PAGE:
Before You Criticize a Co-worker – Look in The Mirror
Whether it’s your employee, boss, co-worker or vendor; the next time you form a judgment about someone…hit the pause button. What we criticize in others says more about us than it does about them.
Your most exasperating relationships are a manifestation of your subconscious anxieties and self-doubts. What you see lacking in your employee; is a reflection of what you worry others will see lacking in you. The very thing you find irritating about your co-worker; is the thing you want to dispel in your own character and behavior. The next time you judge someone for not meeting your expectations; pause and consider: how is this really about me?
For example, if you’re frustrated an employee isn’t responding fast enough – chances are you worry others will think you’re not responsive. I once coached a director who described her vice president as a demanding, micro-manager. She was frequently frustrated by what she interpreted as needless knit-picking over every detail. She became stressed as her resentment over her boss’s feedback grew.
As we peeled back the onion, she realized she’s always been highly self-critical. When her boss gave her feedback on her work – it triggered her inner critic. Her self-doubts about her abilities were being confirmed (subconsciously). Her defenses went up. Without knowing it at a conscious level – she was responding as if she was under threat and she attacked the perceived attacker with disparaging thoughts. With this insight, she was able to look more objectively at how she was interpreting the situation. She realized her interpretation of her boss’s feedback had more to do with her than her boss. With new self-awareness she able to appreciate her manager’s intentions and have an honest, respectful conversation about the aspects of her manager’s style she found de-motivating. The relationship became healthier.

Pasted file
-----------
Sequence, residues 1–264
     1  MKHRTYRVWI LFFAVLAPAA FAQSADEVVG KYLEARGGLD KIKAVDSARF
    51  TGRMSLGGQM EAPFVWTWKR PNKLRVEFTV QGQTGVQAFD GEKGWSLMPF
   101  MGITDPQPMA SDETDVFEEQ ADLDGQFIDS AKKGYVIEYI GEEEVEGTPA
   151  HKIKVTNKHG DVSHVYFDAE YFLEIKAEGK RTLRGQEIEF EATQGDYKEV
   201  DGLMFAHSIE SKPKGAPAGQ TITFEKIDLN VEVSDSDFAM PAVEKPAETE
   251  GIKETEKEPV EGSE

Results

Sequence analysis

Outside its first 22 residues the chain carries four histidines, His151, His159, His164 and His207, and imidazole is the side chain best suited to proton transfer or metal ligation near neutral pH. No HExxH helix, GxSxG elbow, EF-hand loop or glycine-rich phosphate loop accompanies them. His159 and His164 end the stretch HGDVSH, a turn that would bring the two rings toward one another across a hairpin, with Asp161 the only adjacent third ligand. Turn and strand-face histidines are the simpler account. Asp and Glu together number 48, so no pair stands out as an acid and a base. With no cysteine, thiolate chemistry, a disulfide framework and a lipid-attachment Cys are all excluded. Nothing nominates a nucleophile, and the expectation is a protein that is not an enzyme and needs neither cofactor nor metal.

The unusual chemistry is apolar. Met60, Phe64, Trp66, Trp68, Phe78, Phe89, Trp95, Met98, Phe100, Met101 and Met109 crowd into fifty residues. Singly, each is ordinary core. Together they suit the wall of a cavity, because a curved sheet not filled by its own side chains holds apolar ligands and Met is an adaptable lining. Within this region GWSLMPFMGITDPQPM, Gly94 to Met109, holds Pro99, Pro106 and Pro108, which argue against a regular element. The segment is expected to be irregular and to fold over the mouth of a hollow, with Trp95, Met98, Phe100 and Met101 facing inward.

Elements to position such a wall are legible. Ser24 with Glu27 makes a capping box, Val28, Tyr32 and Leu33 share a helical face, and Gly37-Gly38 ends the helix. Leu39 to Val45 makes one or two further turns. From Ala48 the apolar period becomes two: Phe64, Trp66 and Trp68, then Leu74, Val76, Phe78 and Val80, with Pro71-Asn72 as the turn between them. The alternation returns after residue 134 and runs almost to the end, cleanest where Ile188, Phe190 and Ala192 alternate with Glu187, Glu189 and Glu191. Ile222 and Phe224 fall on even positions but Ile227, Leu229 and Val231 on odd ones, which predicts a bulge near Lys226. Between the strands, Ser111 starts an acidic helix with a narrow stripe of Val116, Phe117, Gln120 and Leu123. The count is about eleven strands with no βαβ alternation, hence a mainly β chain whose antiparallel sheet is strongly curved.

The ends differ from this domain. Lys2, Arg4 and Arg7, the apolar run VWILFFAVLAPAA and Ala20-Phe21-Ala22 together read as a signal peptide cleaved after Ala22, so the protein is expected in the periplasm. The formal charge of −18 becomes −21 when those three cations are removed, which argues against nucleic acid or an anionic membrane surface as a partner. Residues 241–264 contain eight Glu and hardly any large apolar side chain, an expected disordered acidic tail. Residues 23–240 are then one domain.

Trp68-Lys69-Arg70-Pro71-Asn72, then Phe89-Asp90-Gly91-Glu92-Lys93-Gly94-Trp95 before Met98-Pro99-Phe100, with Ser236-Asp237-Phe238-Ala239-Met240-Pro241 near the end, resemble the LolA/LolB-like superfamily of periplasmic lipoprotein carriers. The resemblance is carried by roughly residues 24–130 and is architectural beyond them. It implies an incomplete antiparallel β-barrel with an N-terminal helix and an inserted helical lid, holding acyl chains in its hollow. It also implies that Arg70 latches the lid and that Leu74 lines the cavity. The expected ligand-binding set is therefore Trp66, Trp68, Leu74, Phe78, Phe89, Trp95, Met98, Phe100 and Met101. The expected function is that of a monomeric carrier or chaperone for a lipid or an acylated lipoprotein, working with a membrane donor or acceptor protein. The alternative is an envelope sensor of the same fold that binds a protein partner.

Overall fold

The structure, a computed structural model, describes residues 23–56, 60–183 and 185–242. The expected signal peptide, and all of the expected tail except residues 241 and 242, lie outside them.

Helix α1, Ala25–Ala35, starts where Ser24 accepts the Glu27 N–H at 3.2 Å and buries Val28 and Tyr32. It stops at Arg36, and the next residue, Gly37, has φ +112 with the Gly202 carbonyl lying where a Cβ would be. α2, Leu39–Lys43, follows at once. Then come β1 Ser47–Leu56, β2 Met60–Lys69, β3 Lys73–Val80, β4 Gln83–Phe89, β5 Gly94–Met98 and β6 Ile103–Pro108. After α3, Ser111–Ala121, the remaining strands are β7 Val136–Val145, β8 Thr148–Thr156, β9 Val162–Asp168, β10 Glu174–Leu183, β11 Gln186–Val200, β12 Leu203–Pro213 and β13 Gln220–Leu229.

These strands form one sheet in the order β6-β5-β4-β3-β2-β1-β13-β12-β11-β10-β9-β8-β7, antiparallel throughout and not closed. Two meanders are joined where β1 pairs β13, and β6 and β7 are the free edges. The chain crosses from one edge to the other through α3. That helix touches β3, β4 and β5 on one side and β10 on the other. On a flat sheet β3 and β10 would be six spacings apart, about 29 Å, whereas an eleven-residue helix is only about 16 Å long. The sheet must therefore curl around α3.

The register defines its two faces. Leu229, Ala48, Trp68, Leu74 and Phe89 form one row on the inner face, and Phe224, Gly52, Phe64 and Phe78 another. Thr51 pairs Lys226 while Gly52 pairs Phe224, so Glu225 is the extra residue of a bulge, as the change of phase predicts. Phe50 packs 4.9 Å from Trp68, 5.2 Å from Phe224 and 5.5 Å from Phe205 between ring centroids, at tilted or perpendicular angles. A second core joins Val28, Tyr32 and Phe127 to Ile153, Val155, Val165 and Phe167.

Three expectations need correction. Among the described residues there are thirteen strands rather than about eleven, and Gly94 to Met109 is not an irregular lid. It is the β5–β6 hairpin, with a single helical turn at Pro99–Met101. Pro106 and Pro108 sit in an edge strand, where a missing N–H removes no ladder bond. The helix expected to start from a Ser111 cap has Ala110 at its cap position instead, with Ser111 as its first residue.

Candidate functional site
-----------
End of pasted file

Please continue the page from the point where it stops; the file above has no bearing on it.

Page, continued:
Why does this happen? Your emotional brain is constantly scanning the environment for signs of danger to your ego and sense of self-worth. When emotionally threatened, you automatically form an instant opinion about someone or a situation. Your belief that your interpretation is true, is a form of self-protection. All this happens automatically and without your awareness. I call this your auto-conscience™ .
This auto-conscience™ is deeply buried in the innate functions of the brain. This is especially true of the most successful managers and highest performers. Their drive and determination to succeed blocks them from noticing when they unconsciously and automatically project self-doubt onto others. “It’s not me, it’s you.”
As the saying goes, “physician, heal thyself.” You can use your capacity for emotional intelligence to bring what’s hidden into your awareness. Only when you understand yourself and your true motives can you genuinely and respectfully engage with others.
Improving your self-awareness if the first step in pushing the pause button on your auto-conscience™.